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  Council » Policies and Plans » Hazard and catchment management » Level of Service and Funding Policy » 13 Middle Waikato Management Zone » 13.5 Beneficiaries and Contributors » 13.5.1 Hamilton City and Other Urban Areas

13.5.1 Hamilton City and Other Urban Areas

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Hamilton City Council currently spends approximately $430,000 per annum on the type of works involved in Project Watershed. This expenditure is currently funded from the Hamilton City Council general rate. It is intended that these works will be funded under Project Watershed and they are included in the $5.5m annual cost.

These works involve maintenance of existing erosion protection works on the Waikato River which protect walkways, parks and reserves, and property. This includes some works to streams outside the Hamilton boundary which benefits Hamilton City.

Provision of further protection of the Waikato River bank, gully outlets and the major streams dissecting the city from erosion has also been included in Project Watershed.

An investigation into the degradation (or lowering) of the riverbed through Hamilton City will also be conducted under Project Watershed as has already been noted. Works to protect bridges, private property and other facilities will be programmed under Project Watershed, if the investigation proves that they are required.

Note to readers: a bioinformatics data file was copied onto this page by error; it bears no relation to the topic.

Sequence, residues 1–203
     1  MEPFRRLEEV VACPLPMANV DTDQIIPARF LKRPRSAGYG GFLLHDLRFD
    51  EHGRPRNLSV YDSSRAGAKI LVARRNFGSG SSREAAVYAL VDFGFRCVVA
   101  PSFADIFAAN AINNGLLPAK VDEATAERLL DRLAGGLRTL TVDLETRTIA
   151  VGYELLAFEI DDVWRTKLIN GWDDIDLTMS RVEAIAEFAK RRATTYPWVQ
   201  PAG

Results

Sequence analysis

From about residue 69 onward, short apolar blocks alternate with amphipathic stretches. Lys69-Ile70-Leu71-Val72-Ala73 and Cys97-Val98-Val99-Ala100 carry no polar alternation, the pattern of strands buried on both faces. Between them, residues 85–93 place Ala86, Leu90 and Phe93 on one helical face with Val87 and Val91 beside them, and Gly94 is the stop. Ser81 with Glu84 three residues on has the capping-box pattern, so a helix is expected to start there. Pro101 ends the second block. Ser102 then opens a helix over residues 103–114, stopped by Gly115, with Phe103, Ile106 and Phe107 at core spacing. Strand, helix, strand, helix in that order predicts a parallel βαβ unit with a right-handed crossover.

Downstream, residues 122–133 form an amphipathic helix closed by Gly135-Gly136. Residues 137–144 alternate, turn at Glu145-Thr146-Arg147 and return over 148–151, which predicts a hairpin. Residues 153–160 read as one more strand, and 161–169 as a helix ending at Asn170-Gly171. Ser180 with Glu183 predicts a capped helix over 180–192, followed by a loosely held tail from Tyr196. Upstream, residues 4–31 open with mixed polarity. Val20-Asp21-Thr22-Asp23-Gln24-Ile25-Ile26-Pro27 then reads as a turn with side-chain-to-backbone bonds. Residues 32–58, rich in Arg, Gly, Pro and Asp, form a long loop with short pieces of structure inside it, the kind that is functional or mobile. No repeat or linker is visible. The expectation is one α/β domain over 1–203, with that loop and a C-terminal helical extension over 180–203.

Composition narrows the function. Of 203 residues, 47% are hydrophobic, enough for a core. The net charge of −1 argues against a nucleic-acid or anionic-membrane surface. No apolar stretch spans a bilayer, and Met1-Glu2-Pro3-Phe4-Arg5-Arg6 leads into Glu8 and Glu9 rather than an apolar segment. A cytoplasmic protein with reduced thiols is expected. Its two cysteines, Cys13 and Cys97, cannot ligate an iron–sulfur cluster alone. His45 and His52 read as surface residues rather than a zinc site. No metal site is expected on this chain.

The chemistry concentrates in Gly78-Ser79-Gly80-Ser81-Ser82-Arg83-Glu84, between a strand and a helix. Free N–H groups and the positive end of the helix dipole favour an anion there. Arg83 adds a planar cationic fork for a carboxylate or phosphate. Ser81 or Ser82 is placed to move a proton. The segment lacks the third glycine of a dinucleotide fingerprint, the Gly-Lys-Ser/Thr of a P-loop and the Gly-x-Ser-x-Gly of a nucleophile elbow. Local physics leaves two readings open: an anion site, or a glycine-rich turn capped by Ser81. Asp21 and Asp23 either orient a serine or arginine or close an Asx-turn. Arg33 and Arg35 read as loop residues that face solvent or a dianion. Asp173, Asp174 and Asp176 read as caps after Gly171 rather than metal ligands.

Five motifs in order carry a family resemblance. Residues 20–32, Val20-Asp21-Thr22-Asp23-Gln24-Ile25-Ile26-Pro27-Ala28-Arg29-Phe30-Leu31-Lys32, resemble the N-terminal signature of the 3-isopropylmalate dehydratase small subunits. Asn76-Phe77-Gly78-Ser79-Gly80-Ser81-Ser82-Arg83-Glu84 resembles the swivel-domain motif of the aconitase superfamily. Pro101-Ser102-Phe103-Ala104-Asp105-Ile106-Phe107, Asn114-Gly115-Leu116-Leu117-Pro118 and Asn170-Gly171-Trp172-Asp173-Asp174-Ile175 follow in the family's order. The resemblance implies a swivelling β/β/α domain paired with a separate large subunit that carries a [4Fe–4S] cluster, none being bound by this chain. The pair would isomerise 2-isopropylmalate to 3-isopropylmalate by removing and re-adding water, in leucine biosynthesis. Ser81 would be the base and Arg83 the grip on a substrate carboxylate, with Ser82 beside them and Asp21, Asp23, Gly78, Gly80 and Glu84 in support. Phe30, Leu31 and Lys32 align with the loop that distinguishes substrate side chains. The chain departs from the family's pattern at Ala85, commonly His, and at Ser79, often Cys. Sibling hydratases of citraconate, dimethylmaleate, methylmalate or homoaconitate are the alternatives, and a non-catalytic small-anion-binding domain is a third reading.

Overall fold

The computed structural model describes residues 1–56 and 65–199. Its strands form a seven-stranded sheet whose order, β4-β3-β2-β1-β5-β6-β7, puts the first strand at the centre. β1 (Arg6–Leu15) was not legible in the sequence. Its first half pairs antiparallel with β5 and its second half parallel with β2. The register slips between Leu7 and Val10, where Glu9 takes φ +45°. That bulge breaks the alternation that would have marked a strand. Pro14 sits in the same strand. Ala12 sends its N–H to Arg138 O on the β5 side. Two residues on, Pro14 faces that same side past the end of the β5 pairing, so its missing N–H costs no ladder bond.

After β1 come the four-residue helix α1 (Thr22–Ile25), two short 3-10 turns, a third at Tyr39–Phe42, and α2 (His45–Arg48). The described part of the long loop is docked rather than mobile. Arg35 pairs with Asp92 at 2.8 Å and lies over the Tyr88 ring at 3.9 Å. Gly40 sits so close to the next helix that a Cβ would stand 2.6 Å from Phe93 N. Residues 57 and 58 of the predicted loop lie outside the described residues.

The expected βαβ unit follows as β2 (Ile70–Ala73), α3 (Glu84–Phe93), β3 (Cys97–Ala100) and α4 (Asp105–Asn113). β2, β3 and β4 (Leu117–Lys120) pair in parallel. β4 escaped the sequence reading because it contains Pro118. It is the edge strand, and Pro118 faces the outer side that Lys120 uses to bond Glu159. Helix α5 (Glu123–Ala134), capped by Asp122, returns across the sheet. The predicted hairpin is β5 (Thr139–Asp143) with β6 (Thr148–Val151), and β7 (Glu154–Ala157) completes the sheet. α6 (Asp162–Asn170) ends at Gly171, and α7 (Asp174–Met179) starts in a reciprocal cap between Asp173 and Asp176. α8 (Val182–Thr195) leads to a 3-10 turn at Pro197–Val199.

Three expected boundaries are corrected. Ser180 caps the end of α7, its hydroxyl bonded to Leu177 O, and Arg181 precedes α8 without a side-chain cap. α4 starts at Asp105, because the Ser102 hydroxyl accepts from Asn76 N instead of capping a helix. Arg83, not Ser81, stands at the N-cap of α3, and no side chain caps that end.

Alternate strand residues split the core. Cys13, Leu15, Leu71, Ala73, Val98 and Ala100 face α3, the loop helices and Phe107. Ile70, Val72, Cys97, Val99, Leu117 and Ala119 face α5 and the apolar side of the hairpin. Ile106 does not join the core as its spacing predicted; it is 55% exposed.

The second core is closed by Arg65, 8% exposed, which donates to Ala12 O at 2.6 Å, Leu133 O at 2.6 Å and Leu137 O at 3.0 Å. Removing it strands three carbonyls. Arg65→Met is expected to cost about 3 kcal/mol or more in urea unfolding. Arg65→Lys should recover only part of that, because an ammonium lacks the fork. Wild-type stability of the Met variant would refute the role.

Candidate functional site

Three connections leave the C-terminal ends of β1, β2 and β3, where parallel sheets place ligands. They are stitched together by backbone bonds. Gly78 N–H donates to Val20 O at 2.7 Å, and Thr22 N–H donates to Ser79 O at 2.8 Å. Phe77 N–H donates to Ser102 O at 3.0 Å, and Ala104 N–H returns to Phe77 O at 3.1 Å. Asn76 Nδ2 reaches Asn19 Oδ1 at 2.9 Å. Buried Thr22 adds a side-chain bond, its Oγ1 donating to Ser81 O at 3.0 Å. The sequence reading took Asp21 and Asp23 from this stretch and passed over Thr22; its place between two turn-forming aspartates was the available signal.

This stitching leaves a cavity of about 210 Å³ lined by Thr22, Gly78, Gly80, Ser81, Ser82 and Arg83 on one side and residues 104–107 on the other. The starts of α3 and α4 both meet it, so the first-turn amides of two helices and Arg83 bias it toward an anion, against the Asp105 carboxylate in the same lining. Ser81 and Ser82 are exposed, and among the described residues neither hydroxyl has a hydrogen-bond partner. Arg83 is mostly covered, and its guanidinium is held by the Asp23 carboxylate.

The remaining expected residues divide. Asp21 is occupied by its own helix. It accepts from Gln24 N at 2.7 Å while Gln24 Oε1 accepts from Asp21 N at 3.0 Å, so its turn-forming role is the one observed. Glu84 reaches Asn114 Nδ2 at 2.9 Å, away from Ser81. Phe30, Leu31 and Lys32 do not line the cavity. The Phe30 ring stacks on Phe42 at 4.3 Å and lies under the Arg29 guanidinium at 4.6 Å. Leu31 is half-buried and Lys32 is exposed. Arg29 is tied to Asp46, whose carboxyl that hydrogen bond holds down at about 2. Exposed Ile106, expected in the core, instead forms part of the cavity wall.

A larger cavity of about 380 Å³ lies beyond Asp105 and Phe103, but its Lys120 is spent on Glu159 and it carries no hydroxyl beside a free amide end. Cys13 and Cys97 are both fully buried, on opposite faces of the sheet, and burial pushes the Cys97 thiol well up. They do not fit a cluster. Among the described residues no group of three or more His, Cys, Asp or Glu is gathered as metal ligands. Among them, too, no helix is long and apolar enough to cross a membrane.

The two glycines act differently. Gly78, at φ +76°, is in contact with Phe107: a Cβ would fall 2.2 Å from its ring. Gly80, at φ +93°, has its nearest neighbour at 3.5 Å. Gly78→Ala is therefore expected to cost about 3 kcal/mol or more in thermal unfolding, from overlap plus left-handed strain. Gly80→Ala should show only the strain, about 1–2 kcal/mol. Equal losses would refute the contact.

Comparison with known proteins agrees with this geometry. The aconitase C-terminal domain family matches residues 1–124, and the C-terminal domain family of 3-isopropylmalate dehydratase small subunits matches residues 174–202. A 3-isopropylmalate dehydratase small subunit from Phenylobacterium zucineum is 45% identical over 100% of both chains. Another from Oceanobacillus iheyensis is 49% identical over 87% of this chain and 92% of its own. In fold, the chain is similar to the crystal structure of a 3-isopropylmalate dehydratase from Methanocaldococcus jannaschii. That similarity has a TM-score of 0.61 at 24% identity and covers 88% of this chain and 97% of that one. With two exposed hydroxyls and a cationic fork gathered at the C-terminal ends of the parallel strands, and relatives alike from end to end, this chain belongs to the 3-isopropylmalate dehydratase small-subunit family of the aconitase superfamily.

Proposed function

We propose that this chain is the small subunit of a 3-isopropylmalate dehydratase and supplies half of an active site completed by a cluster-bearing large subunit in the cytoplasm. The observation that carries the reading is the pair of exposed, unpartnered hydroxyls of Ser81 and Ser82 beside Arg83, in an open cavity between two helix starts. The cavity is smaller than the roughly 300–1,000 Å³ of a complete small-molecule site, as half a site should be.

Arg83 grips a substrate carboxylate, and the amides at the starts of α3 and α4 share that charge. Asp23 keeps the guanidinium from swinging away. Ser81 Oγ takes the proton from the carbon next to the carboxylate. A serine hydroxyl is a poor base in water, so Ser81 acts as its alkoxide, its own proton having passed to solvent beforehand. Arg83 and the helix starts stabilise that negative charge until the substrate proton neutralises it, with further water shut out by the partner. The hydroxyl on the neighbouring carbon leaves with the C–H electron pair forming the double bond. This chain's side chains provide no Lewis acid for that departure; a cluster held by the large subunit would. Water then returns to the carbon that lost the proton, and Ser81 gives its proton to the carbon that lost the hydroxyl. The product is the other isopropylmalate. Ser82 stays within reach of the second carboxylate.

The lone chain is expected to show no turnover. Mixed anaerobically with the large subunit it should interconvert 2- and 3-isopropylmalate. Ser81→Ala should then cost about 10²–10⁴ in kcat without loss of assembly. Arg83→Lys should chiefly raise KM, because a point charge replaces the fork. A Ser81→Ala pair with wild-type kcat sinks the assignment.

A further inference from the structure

Hamilton ratepayers will pay $882,000 per annum of the total $5.5m annual expenditure or around 16 percent. Hamilton’s population of 114,000 makes up approximately 42 percent of the total population in the Project Watershed catchment. The capital value and land value of Hamilton City is 33 percent and 26 percent of the total for the Project Watershed catchment respectively.

The residents of Hamilton will also enjoy indirect benefits from Project Watershed, such as enhanced recreational opportunities because of reduced sedimentation in the lakes and other reaches of the Waikato River. In particular Project Watershed will provide and maintain significant works around Lakes Arapuni and Karapiro to control erosion and the inflow of sediment. Residents of Hamilton and other urban centres make considerable use of these amenities and will benefit from the maintenance and improvement of water quality and aesthetic values.

The effective resource management of the Region’s major river and catchments is also important to the social, economic and commercial well being of urban areas such as Hamilton, as is the protection of Regional communication links from a major disaster.

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